Being awarded the bronze medal in the Global Innovation Index (GII) is a demotion from the runner-up position the country held for the last four years, the main reason behind it being a drop in inputs this year.
The report, published by INSEAD, the leading international business school, and the World Intellectual Property Organization (WIPO), a specialized agency of the United Nations, ranked 143 countries/economies on the basis of their innovation capabilities and results.
Innovation is measured by tallying elements of the national economy which embody innovative activities over seven components: institutions, human capital and research, infrastructure, market sophistication, business sophistication, knowledge and technology outputs, and creative outputs.
Despite losing out on the second place in favour of the United Kingdom, the CEO of INSEAD, Bruno Lanvin, saw no reason for Sweden to feel ashamed.
"Sweden is showing spectacular results without any big weaknesses, and is one of the world's most innovative countries," he said at a press conference.
"The country is like one of the top students in a class sitting at the front and keeping up with everything."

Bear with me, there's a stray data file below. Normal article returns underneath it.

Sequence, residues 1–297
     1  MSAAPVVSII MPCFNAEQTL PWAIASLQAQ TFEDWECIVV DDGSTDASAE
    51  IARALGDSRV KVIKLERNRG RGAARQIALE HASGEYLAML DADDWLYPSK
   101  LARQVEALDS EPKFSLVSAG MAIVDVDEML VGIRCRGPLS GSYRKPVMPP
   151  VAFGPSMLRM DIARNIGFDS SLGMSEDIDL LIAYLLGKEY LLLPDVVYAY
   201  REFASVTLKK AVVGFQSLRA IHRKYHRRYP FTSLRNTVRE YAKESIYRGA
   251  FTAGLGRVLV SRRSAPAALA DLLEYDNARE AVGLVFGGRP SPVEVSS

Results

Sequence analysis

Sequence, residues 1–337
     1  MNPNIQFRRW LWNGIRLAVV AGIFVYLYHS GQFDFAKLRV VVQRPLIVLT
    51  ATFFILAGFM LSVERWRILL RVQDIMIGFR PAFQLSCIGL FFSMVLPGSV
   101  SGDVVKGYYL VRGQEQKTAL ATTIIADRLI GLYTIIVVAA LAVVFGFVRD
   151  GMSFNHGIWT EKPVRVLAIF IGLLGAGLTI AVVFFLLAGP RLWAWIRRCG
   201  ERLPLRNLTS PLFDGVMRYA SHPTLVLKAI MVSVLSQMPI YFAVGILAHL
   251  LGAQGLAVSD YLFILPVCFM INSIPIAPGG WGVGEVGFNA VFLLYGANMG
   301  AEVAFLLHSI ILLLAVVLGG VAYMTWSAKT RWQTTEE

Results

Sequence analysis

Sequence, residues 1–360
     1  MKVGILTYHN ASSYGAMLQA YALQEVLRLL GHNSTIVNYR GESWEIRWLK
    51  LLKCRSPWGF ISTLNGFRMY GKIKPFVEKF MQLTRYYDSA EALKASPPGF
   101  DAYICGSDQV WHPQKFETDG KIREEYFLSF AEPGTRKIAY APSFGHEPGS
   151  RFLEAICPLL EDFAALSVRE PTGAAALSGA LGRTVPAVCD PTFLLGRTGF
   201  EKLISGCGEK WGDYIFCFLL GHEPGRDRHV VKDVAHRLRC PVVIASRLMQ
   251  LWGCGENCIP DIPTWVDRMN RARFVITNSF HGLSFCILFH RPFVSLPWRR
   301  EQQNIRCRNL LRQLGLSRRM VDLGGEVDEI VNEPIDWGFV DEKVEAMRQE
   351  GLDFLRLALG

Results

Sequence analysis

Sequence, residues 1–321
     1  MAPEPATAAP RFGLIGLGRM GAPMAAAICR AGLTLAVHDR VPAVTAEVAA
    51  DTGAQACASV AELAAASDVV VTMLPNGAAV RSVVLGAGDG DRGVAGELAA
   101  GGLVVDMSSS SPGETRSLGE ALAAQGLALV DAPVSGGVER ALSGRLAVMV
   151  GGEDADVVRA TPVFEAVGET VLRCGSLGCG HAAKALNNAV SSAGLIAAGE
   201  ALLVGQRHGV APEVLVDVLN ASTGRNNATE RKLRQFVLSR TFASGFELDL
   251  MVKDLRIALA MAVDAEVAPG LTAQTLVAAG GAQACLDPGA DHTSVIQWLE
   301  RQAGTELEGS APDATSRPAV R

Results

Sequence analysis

Sweden were particularly prominent in the areas "Research and development" and "Knowledge and technology outputs", the report stating that the country was "one of the five economies at the efficiency frontier".
Furthermore, according to the GII's depiction of a perfect world for innovation, Sweden would be the country in charge of information technologies, an industry associated with computer hardware and software, telecom equipment and e-commerce.
The top ten innovative countries in the world
1. Switzerland (Number 1 in 2013)
2. United Kingdom (3)
3. Sweden (2)
4. Finland (6)
5. Netherlands (4)
6. United States of America (5)
7. Singapore (8)
8. Denmark (9)
9. Luxembourg (12)
10. Hong Kong (China) (7)